INDIA, September 26, 2014 (Indian Express): Less than a month after the Himachal Pradesh High Court banned animal sacrifice at religious places during fairs and festivals, the caretakers of the Deities, at their rare congregation, decided to continue with the age-old tradition.
The development has created a piquant situation for law enforcing agencies, which had earlier told the caretakers' body that High Court orders would be enforced strictly to stop animal sacrifice of any sort. Its immediate effect will be in Kullu Dussehra on October 3 wherein animal sacrifice is part of the rituals.
The Dharam Sansad witnessed an overwhelming presence of representatives of the local Deities. "Just in one voice every caretaker of the 260 Deities spoke of upholding of the tradition and appealed the High Court to reconsider the order on ban as it goes against the accepted traditions and customs approved by supreme deities", said Maheshwar Singh, an erstwhile raja of Kullu, who is chief kardar (caretaker) of Lord Raghunath.
Dot Ram Thakur, president of Dev Samaj, made it clear at the Dharam Sansad that animal sacrifice is an important part of the religious beliefs in the area since ages. He said, "There cannot be changes in the tradition as it is the order of the Gods and people have to follow. No religious festival will be completed if animal sacrifice is not carried out." [The sacrificed animals are taken home and eaten by the devotees.]
WASHINGTON D.C., September 26, 2014 (Washington Post): Epic narrative. Exquisite music. Spirited humor. And puppets. The performing-art form wayang golek has it all, says Kathy Foley, a scholar and master puppeteer who is deeply versed in this brand of theater, traditional to the Sundanese culture of West Java, Indonesia.
Wayang golek could be likened to "a combination of what we would think of as opera, Shakespeare and popular stand-up comedy," with dance (by puppets) and some "high philosophical wisdom" thrown in, says Foley, a professor at the University of California at Santa Cruz. She was speaking by phone in the lead-up to "The Miraculous Birth of Hanuman, the Monkey King," the wayang golek production in which she's scheduled to perform at the Freer Gallery of Art on Oct. 4.
The show, which dramatizes an episode from Hindu mythology, also will feature gamelan musicians from the Indonesian College of the Arts in the city of Bandung. It's all part of "Performing Indonesia: Music, Dance and Theater From West Java," a two-day festival being presented by the Smithsonian's Freer/Arthur M. Sackler galleries and the Embassy of the Republic of Indonesia.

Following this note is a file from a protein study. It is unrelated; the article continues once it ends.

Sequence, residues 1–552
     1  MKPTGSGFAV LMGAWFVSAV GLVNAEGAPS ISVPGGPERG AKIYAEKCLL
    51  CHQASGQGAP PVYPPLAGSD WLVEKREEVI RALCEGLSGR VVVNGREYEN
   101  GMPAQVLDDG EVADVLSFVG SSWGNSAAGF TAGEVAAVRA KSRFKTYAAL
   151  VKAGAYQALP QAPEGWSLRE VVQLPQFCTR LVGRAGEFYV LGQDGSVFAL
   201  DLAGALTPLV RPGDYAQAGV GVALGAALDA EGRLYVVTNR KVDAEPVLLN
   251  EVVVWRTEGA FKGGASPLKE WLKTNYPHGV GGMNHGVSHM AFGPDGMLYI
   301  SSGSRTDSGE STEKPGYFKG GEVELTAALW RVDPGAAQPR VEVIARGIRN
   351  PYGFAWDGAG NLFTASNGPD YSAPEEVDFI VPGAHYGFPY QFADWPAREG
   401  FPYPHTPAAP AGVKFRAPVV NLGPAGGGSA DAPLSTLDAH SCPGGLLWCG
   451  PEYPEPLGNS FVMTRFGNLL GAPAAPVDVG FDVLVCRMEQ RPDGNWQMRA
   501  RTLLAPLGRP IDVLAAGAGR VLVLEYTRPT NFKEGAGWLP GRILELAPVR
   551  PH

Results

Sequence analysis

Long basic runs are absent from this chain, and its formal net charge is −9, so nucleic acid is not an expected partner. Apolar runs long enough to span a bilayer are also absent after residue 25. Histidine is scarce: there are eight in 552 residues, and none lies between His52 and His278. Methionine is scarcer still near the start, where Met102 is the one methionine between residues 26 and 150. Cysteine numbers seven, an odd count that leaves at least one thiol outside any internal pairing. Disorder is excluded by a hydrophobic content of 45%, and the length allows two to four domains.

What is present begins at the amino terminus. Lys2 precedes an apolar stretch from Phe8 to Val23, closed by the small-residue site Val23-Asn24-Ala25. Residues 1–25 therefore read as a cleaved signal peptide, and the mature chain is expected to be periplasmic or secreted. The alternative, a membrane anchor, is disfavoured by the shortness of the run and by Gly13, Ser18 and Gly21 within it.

WASHINGTON D.C., September 4, 2014 (HAF): ) The Hindu American Foundation (HAF) announces its sixth annual NextGen Essay Contest, open to writers ages 14 through 27. As HAF continues its efforts to build a credible Hindu American voice, it is also working to ensure the voices of future Hindu American leaders are heard. The NextGen Essay Contest was established in 2009 to engage the youth and to continue to emphasize the importance of a Hindu American identity.
Submissions should address an issue relating to Green Living. Green Living is a hot topic these days. From eating only organic to biking to work to composting, and a growing interest in productive, yet sustainable farming, people around the globe, including researchers, are trying to find ways to live in greater harmony with the Earth. The Contest Deadline is Friday, October 10, 2014. For more details see source above.
I am proud to belong to a religion which has taught the world both tolerance and acceptance. I am proud to belong to a nation which has sheltered the persecuted and the refugees of all religions and all nations of the earth. I am proud to tell you that we have gathered in our bosom the purest remnant of the Israelites who came to Southern India in the very year in which their holy temple was destroyed by Romans. I am proud to belong to the religion which has sheltered and is still fostering the last of the grand Zoroastrian nation. I, my friends, am a Hindu.
-- Swami Vivekananda (1863-1902), disciple of Sri Ramakrisha
MUMBAI, INDIA, September 26, 2014 (Hindustan Times): Every festive season, cultural events take the city by storm. Now, to ensure that the buzz and excitement spreads on social media as well, mandals across the city are providing Wi-Fi connections in their venues this year. This new trend can be attributed to the fact that young visitors to the mandals are fond of clicking selfies against a festive backdrop, and Wi-Fi connections allow them to promptly upload the photos on to social networking sites. This, in turn, translates into publicity for the mandals, say organizers.
While the recently concluded 10-day Ganeshotsav saw several decorative pandals equipped with high-speed Internet for the first time, even sprawling garba grounds are now offering the facility. "Mandals these days have a website, social media pages and mobile apps, but these are not enough. There is tremendous marketing opportunity in people liking and sharing photos or status updates about us on social media. That happens when visitors upload photos such as selfies on sites, or share them on messaging groups. Free Wi-Fi comes in handy then," said Ganesh Naidu, president of Naidu Club, which is celebrating the nine-day Navratri festival at Kora Kendra, Borivli (West).
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